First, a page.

BEIRUT—The first conference of the Lebanese-Kurdish Dialogue was held in Beirut, under the entitle “Towards Co-existence and Equal Citizenship.”
At the invitation of the Lebanese Center for Research and Consultation, Universal Syriac Union Party (USUP), Nowruz Social Cultural Association, Musawah Association and JÎN Women Association, more than 70 delegates attended the conference of the Lebanese-Kurdish Dialogue.
The delegates were from different regions of Lebanon, and from all national, religious and ethnic identities and orientations.
The conference included dialogue sessions on the history of Kurdish-Arab relations and the Kurdish presence in Lebanon, colonial policies and regional interventions, as well as the impact of the mentality and tools of the national state on those relations. Solidarity and unity of destiny in the face of challenges were also touched on.
The conferees statement stressed the importance of holding such conferences in the current situation, amid the conflicts that aim at division in the region.
The conference aimed at producing a constructive dialogue between the various ethnic groups of Lebanon.
The conference pledged to devote a culture of acceptance and recognition of all national, cultural and ethnic identities. It also focused on the importance of dialogue to resolve disputes, and rejected the expansionist Turkish policies in the region.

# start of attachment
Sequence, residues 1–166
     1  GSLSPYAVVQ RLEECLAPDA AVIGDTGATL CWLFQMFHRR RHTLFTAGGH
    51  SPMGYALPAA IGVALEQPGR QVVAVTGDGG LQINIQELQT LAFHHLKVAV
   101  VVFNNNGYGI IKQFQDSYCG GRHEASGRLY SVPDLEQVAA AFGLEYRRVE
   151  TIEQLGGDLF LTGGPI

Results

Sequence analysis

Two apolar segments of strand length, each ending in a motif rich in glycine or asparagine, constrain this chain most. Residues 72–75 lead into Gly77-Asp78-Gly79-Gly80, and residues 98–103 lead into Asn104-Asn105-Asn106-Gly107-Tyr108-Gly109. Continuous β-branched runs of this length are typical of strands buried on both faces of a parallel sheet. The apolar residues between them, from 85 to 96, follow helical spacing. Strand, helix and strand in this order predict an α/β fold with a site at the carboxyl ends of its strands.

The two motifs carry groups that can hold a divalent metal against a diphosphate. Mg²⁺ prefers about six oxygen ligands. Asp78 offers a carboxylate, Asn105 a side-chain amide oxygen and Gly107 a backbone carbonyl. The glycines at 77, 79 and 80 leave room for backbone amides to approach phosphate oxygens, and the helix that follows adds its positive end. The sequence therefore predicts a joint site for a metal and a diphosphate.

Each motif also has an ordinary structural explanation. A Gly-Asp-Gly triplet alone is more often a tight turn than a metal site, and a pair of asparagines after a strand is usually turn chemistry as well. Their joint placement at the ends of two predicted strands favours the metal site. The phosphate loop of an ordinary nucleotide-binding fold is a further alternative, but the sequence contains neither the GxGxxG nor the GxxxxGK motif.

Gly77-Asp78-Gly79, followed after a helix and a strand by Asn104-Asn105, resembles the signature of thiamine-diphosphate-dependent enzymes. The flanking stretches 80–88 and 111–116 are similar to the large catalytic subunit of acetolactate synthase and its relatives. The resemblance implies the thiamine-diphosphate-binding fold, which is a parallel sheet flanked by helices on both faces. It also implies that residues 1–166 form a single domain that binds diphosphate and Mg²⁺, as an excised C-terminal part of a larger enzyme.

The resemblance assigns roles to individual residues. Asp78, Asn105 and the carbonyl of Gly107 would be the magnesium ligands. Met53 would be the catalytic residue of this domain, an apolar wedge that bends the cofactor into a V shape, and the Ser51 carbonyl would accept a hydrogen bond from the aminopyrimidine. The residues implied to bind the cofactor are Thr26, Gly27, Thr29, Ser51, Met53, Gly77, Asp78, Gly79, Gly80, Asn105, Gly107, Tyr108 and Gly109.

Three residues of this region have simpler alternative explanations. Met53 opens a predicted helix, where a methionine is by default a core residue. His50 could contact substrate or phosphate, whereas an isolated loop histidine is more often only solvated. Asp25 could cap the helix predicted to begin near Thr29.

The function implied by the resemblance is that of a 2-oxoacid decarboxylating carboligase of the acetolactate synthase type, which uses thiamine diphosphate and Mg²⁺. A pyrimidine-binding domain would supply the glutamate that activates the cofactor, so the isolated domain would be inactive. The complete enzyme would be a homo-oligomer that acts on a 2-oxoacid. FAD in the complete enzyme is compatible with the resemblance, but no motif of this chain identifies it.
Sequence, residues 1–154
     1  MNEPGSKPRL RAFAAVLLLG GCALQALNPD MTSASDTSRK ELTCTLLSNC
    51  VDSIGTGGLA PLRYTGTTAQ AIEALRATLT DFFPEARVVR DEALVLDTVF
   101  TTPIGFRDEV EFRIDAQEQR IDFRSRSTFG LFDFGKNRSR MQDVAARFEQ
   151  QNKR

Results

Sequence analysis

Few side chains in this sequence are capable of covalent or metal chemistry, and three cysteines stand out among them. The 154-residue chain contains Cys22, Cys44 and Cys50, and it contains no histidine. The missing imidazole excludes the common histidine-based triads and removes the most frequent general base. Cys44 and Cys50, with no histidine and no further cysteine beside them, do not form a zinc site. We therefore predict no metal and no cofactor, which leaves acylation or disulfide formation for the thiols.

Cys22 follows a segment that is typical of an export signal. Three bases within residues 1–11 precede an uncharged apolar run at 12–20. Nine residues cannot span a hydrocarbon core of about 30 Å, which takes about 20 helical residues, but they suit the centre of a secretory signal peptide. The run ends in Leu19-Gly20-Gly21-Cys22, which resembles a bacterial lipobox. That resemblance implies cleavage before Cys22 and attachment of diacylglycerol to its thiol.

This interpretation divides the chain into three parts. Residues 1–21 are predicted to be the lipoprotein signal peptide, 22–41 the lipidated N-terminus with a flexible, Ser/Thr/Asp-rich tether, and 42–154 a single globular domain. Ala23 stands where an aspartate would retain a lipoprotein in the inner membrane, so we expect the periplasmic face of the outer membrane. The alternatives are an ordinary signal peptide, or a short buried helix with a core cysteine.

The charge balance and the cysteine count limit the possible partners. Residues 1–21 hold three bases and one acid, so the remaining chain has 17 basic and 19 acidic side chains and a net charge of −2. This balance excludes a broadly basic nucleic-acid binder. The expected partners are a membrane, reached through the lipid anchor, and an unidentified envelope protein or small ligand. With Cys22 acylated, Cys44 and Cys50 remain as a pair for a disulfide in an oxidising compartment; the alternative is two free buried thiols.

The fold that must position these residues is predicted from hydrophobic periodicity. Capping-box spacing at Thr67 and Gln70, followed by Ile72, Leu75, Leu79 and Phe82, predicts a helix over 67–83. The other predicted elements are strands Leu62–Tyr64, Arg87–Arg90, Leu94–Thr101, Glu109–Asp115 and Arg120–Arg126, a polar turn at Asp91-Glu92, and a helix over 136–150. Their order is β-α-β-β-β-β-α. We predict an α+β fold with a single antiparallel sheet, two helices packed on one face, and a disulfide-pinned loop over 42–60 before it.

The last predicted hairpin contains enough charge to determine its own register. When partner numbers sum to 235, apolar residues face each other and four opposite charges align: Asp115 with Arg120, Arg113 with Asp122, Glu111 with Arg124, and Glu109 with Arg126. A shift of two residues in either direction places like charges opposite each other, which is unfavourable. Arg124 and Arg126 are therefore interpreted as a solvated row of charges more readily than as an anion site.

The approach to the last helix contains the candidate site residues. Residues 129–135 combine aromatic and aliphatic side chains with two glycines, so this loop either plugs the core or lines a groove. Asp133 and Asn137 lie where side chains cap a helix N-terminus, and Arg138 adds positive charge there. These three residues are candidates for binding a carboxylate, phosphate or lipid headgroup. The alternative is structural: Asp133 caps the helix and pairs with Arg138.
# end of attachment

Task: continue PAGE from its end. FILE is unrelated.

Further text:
During the conference, USUP President Ibrahim Mrad delivered a speech on co-existence saying: “One of the most important challenges facing societies is how to deal with cultural, religious and ethnic difference,” indicating that the creating coexistence within one society or among many societies is very important, not only for political decision-makers, but also for all members of society.
“Coexistence lies in respecting the others and recognizing their rights and entity within the one common homeland,” he added.
Mrad stated that the regional and international interventions contribute to spreading chaos.
“During the Ottoman Empire rule, the Syriacs (Arameans-Assyrians-Chaldeans), Armenians, Pontic-Greeks and even Kurds and Arabs have experienced genocides, which are still continuing intensely and violently in Syria and Iraq,” said Mrad. “The Syrian regime also imposed one single nationality and identity, prevented pluralism, languages and cultures, suppressed freedoms and left hundreds of thousands of dead, wounded and displaced.”
He invited the attendees to view the coexistence and brotherhood among the Syriacs, Kurds and Arabs in North and East Syria, through the Democratic Autonomous Administration (DAA) and the Syrian Democratic Forces (SDF).
Mrad demanded establishing a federal system that preserves Lebanon’s pluralism, especially after the failure of the central system.